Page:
Tuesday 31 May 2016
Hansard of the Legislative Council

Diabetes - Nutrition for Life


Mr FINCH (Rosevears) - Mr President, a browse of diabetes websites makes for pretty depressing reading.  It is the disease of the twenty-first century and it is increasing rapidly.

A few facts about diabetes.  It is the leading cause of blindness in working-age adults.  It is the leading cause of kidney failure, increases the risk of heart attacks and strokes by up to four times, is the major cause of limb amputations, and affects mental health as well as physical health.  Depression, anxiety and distress occur in more than 30 per cent of all people with diabetes.

Type 1 diabetes accounts for 10 per cent of all diabetes and is increasing.  Type 2 diabetes accounts for 85 per cent of all diabetes and is increasing, too.

Type 2 diabetes is one of the major consequences of the obesity epidemic.  The combination of massive changes to diet and food supply, combined with massive changes in physical activity to more sedentary work and less activity, means that most populations are seeing more type 2 diabetes.

Health authorities are making a major effort to combat the disease but so are others, including Launceston orthopaedic surgeon Gary Fettke .  I have spoken about Gary Fettke in the Chamber before, particularly about his campaign to persuade us to reduce our consumption of sugar.  How could you ever forget his No Fructose website?  Dr Fettke says that most chronic disease, including diabetes, is related to lifestyle and particularly to nutrition.  He says we take greater care of what fuel we put in our car than what we put in our bodies.  Most modern diseases, he says, are preventable and funding for preventive medical management is a significant return on investment rather than treating the complications of the disease.

You might ask why an orthopaedic surgeon is so interested in preventing diabetes.  Dr Fettke spends much of his time amputating toes and feet of those with diabetes.  He says the rapid increase in diabetes foot cases and amputations reflects the health status of Tasmania, which has the second worst rate of diabetes after the Northern Territory.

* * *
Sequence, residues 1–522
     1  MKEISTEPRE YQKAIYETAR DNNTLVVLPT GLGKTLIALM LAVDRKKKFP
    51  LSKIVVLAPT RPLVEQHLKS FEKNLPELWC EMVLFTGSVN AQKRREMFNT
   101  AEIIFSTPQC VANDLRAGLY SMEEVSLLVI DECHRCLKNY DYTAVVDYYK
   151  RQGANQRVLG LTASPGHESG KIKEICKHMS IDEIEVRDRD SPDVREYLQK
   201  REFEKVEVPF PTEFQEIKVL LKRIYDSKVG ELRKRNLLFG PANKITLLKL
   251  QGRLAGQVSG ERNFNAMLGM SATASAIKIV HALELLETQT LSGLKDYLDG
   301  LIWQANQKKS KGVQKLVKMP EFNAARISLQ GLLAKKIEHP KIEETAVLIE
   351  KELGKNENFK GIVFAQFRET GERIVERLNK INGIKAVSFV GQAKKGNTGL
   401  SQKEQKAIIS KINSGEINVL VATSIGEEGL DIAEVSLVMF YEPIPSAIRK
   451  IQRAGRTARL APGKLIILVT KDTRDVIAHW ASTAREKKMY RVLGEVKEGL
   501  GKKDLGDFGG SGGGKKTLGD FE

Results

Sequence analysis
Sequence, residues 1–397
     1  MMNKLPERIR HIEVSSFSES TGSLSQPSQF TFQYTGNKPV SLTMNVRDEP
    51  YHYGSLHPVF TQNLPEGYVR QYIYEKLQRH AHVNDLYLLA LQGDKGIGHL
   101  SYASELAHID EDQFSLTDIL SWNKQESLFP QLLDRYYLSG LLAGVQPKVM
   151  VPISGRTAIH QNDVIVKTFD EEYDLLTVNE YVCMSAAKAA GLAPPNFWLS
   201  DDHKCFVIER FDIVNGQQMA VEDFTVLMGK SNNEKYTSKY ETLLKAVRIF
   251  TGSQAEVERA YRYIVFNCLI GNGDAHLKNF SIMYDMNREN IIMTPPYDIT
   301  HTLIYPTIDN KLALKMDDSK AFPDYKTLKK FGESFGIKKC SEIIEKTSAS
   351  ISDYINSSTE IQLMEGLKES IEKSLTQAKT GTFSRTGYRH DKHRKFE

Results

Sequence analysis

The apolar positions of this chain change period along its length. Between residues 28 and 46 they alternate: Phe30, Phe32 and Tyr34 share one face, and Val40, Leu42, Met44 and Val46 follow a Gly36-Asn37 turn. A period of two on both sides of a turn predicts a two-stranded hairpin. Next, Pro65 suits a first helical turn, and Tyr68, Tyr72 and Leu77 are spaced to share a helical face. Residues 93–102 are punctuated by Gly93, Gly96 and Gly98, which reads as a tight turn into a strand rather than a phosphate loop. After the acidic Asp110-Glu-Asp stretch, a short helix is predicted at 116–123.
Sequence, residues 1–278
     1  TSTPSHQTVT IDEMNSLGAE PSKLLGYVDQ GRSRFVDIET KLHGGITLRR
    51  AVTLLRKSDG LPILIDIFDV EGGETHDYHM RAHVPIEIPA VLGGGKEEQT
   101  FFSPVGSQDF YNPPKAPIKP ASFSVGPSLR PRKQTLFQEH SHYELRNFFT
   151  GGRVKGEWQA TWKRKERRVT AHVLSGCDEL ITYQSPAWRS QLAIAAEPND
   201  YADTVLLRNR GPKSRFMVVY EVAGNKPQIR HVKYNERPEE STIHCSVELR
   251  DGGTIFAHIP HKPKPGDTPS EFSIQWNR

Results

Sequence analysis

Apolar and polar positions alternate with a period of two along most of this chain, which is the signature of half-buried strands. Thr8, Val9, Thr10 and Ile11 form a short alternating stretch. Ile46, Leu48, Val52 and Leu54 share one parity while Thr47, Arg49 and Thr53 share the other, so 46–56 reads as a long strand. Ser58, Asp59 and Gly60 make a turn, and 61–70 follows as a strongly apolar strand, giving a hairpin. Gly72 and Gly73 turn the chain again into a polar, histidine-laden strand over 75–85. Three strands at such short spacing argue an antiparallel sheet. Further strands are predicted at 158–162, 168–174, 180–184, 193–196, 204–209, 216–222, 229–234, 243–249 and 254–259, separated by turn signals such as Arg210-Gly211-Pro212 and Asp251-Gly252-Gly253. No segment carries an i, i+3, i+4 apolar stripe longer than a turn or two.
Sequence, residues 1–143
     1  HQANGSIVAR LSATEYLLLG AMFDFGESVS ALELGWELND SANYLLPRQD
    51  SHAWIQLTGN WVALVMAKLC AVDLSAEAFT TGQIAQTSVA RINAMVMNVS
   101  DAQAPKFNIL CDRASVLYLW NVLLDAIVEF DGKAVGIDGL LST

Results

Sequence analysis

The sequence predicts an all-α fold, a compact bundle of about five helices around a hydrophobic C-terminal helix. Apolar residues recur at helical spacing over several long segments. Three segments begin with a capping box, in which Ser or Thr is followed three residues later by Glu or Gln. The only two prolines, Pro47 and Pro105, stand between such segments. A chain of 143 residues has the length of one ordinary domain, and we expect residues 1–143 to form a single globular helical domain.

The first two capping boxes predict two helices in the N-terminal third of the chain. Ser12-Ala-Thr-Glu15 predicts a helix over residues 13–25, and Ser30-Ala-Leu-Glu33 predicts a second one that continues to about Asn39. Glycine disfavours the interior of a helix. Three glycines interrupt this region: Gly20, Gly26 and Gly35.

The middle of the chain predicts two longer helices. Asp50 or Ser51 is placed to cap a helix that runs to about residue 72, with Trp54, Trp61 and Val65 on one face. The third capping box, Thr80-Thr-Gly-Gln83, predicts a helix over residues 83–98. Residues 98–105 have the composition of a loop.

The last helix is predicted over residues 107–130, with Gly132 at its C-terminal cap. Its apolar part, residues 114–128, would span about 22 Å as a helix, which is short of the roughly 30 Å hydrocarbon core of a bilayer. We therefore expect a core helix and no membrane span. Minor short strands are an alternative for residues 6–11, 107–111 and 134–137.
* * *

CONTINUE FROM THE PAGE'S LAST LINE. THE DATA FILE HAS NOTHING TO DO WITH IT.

So what to do?  Well, Dr Fettke has established Nutrition for Life in Tasmania.  The first centre is in Launceston's High Street and it comprises accredited practising dieticians and nutritionists as well as a diabetes nurse educator.  It provides an all-round support network that includes social meetings, media, drop-in meetings and walking groups.  I point out that the Hobart branch opened this year.

The Nutrition for Life team make a significant contribution to the community with, amongst other opportunities, the annual Fairsy's Fat Busters that works with the commercial radio station LAFM and other local community groups, to lead several local people each year to better health.  It has been an enormous success over the past four years, and in particular with raising awareness of the health issues associated with too much sugar and processed food in the diet.  One of the success stories is former MHA Tony Benneworth.  He has been featured recently on the Sunday program on Channel 7,  He has turned around his type 2 diabetes, bringing his weight down and getting off medication and getting on a launch and cruising around south‑east Asia.

The Nutrition for Life Team remain involved in public lectures and community education projects and those lectures are here in Tasmania, nationally and internationally and, by the way, all of this is done gratis.  Nutrition for Life provides outreach services directly around Tasmania and Australia via Skype.  I believe it deserves government support and financial help as part of the preventive health scheme.